Even as we marvel at Rem Koolhaas and Ole Scheeren's spectacular CCTV tower in Beijing, take a moment to remember that their client is CCTV, the Chinese television monopoly. So?
Here is a Sunday headline from the BBC: Eighty killed' in Tibetan unrest. Here's the headline from the China People's Daily: 12 policemen gravely injured in Lhasa riot. According to Monday's Wall Street Journal, CCTV's coverage consisted of pictures of Tibetan protesters "pulling down the iron gates of a Bank of China office." Pictures of the military pouring in the city? Civilian deaths and injuries? Nothing to see there, the CCTV assures us. China has also cut off Internet access to You-Tube after videos of the protests sweeping through Tibet were posted there. The WSJ quotes a Chinese official claiming a " decision to bar foreign journalists from Lhasa was made by the local government in the Tibet Autonomous Region to ensure the safety of the press." The bible of choice for China's government seems no longer to be Mao's Little Red Book, but 1984. There's a glimmer of hope in the fact it apparently still hasn't figured out how to stop Tibetans from using their cell phones to spread news otherwise suppressed.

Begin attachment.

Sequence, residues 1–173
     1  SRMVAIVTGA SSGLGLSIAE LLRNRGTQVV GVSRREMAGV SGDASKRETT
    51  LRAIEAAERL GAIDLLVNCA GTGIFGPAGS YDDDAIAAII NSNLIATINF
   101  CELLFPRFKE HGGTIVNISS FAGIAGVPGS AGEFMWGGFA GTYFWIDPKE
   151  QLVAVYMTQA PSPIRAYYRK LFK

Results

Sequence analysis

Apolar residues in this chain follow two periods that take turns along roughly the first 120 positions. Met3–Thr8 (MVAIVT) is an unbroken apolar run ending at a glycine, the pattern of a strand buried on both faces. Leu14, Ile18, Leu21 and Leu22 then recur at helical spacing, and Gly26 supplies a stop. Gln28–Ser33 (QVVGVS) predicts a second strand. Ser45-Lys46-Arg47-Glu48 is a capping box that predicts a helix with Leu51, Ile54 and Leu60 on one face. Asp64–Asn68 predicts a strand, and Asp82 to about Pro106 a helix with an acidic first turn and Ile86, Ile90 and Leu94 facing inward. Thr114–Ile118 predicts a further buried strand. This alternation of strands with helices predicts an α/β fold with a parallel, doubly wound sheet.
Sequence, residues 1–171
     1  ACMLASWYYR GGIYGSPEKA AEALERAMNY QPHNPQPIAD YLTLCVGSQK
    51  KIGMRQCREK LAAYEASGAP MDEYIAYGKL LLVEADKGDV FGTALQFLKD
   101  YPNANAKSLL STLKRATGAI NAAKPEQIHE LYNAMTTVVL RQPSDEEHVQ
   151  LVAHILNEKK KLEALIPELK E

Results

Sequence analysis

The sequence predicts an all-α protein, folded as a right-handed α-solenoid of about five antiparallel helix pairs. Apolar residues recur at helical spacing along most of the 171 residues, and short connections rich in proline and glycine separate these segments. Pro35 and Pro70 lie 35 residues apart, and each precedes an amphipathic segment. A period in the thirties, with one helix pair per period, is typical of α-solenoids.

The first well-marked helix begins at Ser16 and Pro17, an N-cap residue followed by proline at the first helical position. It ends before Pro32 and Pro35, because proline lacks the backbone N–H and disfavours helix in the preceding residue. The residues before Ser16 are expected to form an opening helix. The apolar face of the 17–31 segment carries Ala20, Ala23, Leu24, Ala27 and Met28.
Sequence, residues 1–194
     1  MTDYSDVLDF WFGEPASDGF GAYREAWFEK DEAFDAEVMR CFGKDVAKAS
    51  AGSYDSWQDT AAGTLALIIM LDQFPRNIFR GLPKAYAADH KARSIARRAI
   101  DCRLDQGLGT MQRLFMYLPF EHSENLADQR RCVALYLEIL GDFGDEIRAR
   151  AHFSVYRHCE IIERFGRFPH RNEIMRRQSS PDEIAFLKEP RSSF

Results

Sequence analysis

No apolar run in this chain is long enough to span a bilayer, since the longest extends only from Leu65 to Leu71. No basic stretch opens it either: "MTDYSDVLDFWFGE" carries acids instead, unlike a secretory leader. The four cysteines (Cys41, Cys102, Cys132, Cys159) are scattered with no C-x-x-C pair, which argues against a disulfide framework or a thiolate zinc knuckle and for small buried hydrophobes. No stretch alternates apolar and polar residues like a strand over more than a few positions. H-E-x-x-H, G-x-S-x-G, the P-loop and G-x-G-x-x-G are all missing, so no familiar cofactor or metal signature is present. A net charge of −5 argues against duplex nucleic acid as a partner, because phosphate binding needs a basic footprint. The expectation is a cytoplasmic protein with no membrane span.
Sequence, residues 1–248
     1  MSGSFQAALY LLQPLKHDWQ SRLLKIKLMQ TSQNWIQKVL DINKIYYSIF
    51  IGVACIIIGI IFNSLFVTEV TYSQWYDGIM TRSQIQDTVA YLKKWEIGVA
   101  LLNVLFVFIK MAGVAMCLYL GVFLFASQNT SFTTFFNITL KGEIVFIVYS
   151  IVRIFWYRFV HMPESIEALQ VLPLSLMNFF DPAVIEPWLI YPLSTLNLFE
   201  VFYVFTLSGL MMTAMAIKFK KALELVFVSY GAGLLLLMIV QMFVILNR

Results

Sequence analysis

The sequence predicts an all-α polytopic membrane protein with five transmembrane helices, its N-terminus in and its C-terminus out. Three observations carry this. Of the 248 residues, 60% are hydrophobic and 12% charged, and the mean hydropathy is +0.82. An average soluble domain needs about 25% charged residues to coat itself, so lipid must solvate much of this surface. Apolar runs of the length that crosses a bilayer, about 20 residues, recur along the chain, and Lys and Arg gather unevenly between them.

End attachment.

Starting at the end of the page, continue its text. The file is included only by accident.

Are architects from the West helping China move towards a more open, progressive future, or, willing victims to their own egos and delusions, are they mere window dressing for a regime that bargains booming prosperity for unending totalitarian control? Will our traditions influence them, or will their traditions erode our own ideals of democracy and freedom? The Olympics may bring a euphoric sense of future possibilities, but on a day like today, it still looks like it could go either way.
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